I get asked A LOT of questions about nursing my toddler, nursing while pregnant, and nursing in general so here are some answers to common questions that I get!

Disclaimer: I am a mom. I am not a doctor or lactation specialist. Please contact me for suggestions and encouragement because I love to help!  For expert advise, please contact a lactation specialist or find a local breastfeeding support group. This blog is my personal experience and research.  There is no mom shaming or judgement here if you nurse or don’t nurse. This is simply information sharing.

You’re still nursing past 1 years old? But your baby can eat food and ask for milk, shouldn’t you wean?

These are funny questions. I used to think the same thing, and even say the same thing!  It is easy to make uneducated judgments when you haven’t studied the benefits or facts.  Being open minded and doing research has changed me! 

We live in an over-sexualized culture that causes people to be weirded out by nursing. Here’s the thing... For all of time, women nursed their babies. Their babies weaned when they were done. Here in our westernized, over stimulated, too-busy culture, we limit, cut off and schedulize our kids at an early age. However, in spite of all this breastfeeding is recommend by the experts!  In fact, according to the American Academy of Pediatrics, it is recommended that infants receive a minimum of one year of breastfeeding, and the World Health Organization calls for two years or more.*

There are so many benefits to nursing a toddler!  For me, my primary reason is the emotional bonding and attachment that cannot be understated.  The early years of development are critical for life long confidence, security, and emotional stability. Children that know that their primary caregiver will respond to their needs, and are allowed to be appropriately dependent when they are infants and toddlers, grow up to become appropriately independent when they are mature enough to handle those demands. 

 My second favorite reason for nursing is the immune system boost breastfeed babies attain!  A child’s immune system is not fully developed until age 3.  Breastfeeding gives incredible antibodies that cannot be reproduced in formula, food or medication.  In fact, when a child nurses, their saliva tells the mom's body what antibodies the child needs! If they have been exposed to illness or are fighting infection, the mother will actually create antibodies to help the baby fight those germs! Creating a strong immune system and healthy body at an early age sets up kids to be healthier long term. 

You’re still nursing while you’re pregnant? How do you do it? Do you need extra vitamins?

Why, yes. Yes, I am.

Well, I’ll just continue to nurse as I was!  At this point nursing a toddler means that she eats food, so nursing is not necessarily an all day affair.  She primarily nurses for comfort, if she is hurt, or tired. She gets good emotional bonding and the power packed antibodies every day.

It is typical that a woman’s breasts are tender at the beginning of pregnancy.  I will admit that in the first half of pregnancy, it was painful to nurse! But we powered through because I was unwilling to quit.  It has been said that “breastfeeding s 90% will power, and 10% milk.” That was my experience when we started nursing, as well as my experience during the first half of pregnancy. Now we have smooth sailing.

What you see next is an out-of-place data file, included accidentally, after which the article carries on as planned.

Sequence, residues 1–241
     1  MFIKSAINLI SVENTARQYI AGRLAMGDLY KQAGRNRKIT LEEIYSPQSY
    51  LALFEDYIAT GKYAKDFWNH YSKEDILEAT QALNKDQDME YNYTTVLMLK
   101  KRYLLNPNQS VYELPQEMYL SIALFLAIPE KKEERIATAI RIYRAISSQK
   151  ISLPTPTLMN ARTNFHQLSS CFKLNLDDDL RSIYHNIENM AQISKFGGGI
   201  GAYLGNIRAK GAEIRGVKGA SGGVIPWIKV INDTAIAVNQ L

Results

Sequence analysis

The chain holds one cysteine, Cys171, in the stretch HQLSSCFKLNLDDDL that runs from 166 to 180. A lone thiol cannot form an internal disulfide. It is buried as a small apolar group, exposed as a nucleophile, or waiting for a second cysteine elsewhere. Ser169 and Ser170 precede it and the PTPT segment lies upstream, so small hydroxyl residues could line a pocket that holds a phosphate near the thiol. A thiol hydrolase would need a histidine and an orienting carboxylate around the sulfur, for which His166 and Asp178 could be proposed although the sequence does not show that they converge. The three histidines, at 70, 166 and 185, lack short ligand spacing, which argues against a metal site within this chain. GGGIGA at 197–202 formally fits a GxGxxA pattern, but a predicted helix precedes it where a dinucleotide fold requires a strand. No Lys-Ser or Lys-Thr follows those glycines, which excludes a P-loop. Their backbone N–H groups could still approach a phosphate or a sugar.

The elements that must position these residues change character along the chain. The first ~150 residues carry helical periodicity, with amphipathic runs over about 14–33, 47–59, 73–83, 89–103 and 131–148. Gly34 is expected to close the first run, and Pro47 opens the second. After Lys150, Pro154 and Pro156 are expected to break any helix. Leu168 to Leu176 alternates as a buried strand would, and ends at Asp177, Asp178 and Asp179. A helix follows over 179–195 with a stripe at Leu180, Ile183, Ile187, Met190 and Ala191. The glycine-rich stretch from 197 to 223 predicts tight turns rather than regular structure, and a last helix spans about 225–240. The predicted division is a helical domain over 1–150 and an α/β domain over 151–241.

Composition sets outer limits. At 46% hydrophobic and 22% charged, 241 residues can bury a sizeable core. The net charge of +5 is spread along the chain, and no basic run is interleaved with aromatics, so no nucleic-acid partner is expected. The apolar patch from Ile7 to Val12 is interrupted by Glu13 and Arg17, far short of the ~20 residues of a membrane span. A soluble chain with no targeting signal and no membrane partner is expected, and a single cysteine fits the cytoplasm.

As far as nutrients go, women all over the world produce milk and give birth to healthy babies even with limited resources for food.  I am conscious to make sure that I eat a good balance of healthy foods.  I also take a power packed vitamin with mehtalyeted folate, and aloe and a plant based omega each day to make sure my body gets the good stuff. My energy levels, immune system and digestion have been awesome thanks to good food, rest, and great supplements too. I’ve made a full video on what I take and why. If you’re interested, contact me and I’ll pass it along!

Isn’t it risky to nurse while pregnant?

Sometimes people express concern that nursing will initiate preterm labor by causing uterine contractions. However, acccording to the La Leche League International BREASTFEEDING ANSWER BOOK, 3rd Edition 2003, page 407, "Although uterine contractions are experienced during breastfeeding, they are a normal part of pregnancy... Uterine contractions also occur during sexual activity, which most couples continue during pregnancy." Also, according to the BAB, page 408, "Currently, no specific medical guidelines exist that define in which situations it may be risky to continue breastfeeding during pregnancy, and prenatal caregivers vary widely in their recommendations.”**

There are actually no studies that indicate that nursing causes preterm labor.  There are no studies that suggest it puts the babies or mom at risk. 

Aren’t you going to wean? You don’t want to nurse two babies do you? 

Actually I do want to tandem nurse!  I have many friends that tandem nurse their babies.  Will it be challenging? Of course. But we can do hard things.  I am called to give my babies the very best.  The very best often requires sacrifices.  I cannot speak for anyone else’s situation or perspective but my own.  I am called to love my babies well, and for me, I have a strong conviction that it includes nursing both my babies for now. When my toddler and I are ready, she will wean.  I don’t know when that is, but I’ll follow her lead and give her what she needs to set her up for a strong future as best as I can. 

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